By Giulia Caparrelli, Beccy Fish and Juliette Tulloch
Diversity on book covers may be improving slowly, but it’s still problematic. YA (Young Adult) fiction in particular, often fails at portraying Black characters on covers or simply reuses tried-and-tested elements such as Black silhouettes. This results in many young Black readers feeling unrepresented and unheard. During adolescence, books can serve as a first step into learning one’s place in the world and reading becomes a process of discovery and growth. When YA books lack proper representation, young Black people feel that their experience is invalidated.
Thanks to the work of not-for-profit organisations such as We Need Diverse Books, YA books are now featuring more diverse characters in their stories, but work still needs to be done to improve representation on book covers. Below we analyse a few YA covers portraying Black people to assess both their merits and limitations.
Published on 21 September 2021 by Scholastic Press, Things We Couldn’t Say is the latest YA novel by the acclaimed American author Jay Coles. He is best known for his debut novel Tyler Johnson Was Here, where he explored police brutality and the Black Lives Matter movement through the life of a young man. Similarly, his latest novel is centred around Gio, a Black bi boy who tries to navigate his feelings of love for the mother who has abandoned him and for a new friend he is currently hanging out with. Written in first person, the story provides an open window into an adolescent’s mind and allows readers to witness his coming-of-age story and identify with it.
Not only is this novel a good example of diversity in YA, but it also offers a positive representation of male vulnerability and feelings – too often hidden in favour of a ‘macho’ stereotype. The book cover highlights this aspect of openness used in expressing this young man’s feelings as a close-up of his face takes up the entire space. His facial expression is mixed, both frustrated and defiant. Though superimposed on his face are many tear-like golden drops, the effect is not that of sadness but rather of triumph over trauma; of hope over struggles.
Published recently, 14 September 2021, by Harper Collins, White Smoke by Tiffany D. Jackson, the New York Times bestselling author, provides a modern twist on the haunted house story. The story follows Marigold Anderson as her family moves to a new home while her mother writes a new book. But the house is more sinister than anticipated, and the deadly and racist history of the dwelling slowly reveals itself. Our character on the cover is not illustrated, nor is she a silhouette. White Smoke uses instead a photograph to help remove the idea of Black characters being just an outline. Purple smoke is the dominant background colour, matching the darker atmosphere of the story.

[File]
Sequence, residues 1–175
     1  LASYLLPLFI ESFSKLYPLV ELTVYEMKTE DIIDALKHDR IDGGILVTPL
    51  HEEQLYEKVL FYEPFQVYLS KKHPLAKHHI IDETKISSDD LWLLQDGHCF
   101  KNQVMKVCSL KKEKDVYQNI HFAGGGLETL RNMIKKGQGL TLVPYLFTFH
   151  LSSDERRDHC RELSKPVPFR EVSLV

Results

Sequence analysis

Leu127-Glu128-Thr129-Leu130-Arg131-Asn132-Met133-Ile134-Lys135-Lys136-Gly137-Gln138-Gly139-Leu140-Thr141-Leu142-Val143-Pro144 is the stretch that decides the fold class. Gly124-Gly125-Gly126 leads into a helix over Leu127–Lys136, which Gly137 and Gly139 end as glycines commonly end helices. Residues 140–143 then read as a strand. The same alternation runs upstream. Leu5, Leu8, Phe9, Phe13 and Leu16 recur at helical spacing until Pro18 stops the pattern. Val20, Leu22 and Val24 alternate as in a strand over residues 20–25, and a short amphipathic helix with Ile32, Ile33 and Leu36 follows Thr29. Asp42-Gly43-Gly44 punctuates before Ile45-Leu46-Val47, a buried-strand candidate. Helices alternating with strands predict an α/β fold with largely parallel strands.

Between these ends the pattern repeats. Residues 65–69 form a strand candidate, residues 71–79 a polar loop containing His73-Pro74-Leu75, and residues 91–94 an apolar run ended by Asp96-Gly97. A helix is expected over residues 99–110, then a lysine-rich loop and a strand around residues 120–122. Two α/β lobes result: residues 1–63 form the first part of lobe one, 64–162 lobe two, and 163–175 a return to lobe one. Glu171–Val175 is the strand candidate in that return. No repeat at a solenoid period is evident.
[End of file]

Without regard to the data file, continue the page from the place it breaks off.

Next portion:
The cover also displays the house skulking within the smoke, partly hidden behind the title, lurking beneath Marigold who appears fearless looking towards the reader. Within the horror genre, men usually feature as the brave characters taking control of the situation, with the stereotypically ‘more vulnerable’ women dying early. It is therefore refreshing to see a woman as our protagonist.
"The placement of Bree’s face on the front cover offers a stark distinction from many popular debuts focusing on Black characters that often stick to block colours and elect to present a character that all young adults can easily relate to."
Legendborn is Tracy Deonn’s debut fantasy novel, published by Simon & Schuster and winner of the 2021 Coretta Scott King/ John Steptoe Award for New Talent. Featuring secret societies and flying demons, this YA novel is described as a “modern day twist on the Arthurian legend.” The fantasy genre is lacking in leading Black characters, particularly women, and the detailed cover illustration embraces Deonn’s stellar characterisation of Bree Matthews. Literary conversations arising from the broader Black Lives Matter movement acknowledge that while it is important to publish and read about the racism that Black people face everyday, it is just as important to integrate these marginalised voices into every subject matter in an effort to decentre white voices.
The composition of light and shadow emphasises that this fantasy story will be about good versus evil, perhaps even an internal struggle between the two forces based on the contrasting colours surrounding her hands. Most importantly, the placement of Bree’s face on the front cover offers a stark distinction to many popular debuts focusing on Black characters that often stick to block colours and elect to present a character that all young adults can easily relate to. That said, it is clear that it is common practice to depict Black characters through illustrations when there should be just as much of an emphasis on using non-illustrated covers.